So why is all this material coming piecemeal and truncated? The 103 letters, reports and videos released last week follow three years after the “Combating Terrorism Centre” at West Point’ released an earlier 175 pages of bin Laden chit-chat which was equally truncated and oddly translated. For example, when a bin Laden agent in Yemen sent his master a copy of an article of mine which described al-Qaeda as “the most sectarian organisation in the world”, the second half was translated by the Americans back from Arabic into English – with obvious deviations from the original English used in The Independent. But the first half was a straight “lift” from the paper with no attempt to translate from Arabic.

Now we’re told that even more documents from Abbottabad await “declassification”. From what do they have to be declassified? It’s one thing to “declassify” government information for the world to read – but to “declassify” bin Laden’s secrets for the world to read? What does this mean? Saudi material perhaps?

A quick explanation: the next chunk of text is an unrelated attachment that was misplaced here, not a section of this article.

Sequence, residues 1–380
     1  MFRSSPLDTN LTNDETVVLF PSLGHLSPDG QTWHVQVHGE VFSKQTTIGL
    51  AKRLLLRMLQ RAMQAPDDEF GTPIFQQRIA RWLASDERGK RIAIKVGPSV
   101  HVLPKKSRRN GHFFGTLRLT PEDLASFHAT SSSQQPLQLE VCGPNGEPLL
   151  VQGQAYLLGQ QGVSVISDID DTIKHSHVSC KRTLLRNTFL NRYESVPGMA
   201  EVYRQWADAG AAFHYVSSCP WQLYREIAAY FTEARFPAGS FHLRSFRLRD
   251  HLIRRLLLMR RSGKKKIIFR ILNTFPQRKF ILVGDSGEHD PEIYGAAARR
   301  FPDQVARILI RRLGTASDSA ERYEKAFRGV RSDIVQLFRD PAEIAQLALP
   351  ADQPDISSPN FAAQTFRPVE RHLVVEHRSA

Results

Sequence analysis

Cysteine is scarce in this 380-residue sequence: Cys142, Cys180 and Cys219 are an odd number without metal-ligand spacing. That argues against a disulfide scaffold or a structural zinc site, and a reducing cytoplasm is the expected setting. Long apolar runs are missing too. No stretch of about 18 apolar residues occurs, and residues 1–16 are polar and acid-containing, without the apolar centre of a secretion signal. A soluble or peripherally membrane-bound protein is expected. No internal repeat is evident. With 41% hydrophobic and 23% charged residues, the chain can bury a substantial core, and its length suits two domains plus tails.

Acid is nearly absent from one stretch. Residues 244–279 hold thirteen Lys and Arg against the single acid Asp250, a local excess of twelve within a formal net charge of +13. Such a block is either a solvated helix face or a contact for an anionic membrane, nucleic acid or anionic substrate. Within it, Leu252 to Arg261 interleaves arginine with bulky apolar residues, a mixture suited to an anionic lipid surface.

I won’t delve into the “porn” stash supposedly found at Abbottabad – which it took the CIA four years to watch before deciding not to release it. Is the organisation which waterboards victims and stuffs food up their rectums really so prissy? And then there are the books, Chomsky, Woodward & Co. Quite an English-language reading list – if bin Laden could read English. But when I met him in 1997, he could hardly speak a word. Did he have language tutors in Abbottabad? He did read Arabic-language books. Which of them were found by the Americans? Or did they contain too many works on Saudi Arabia?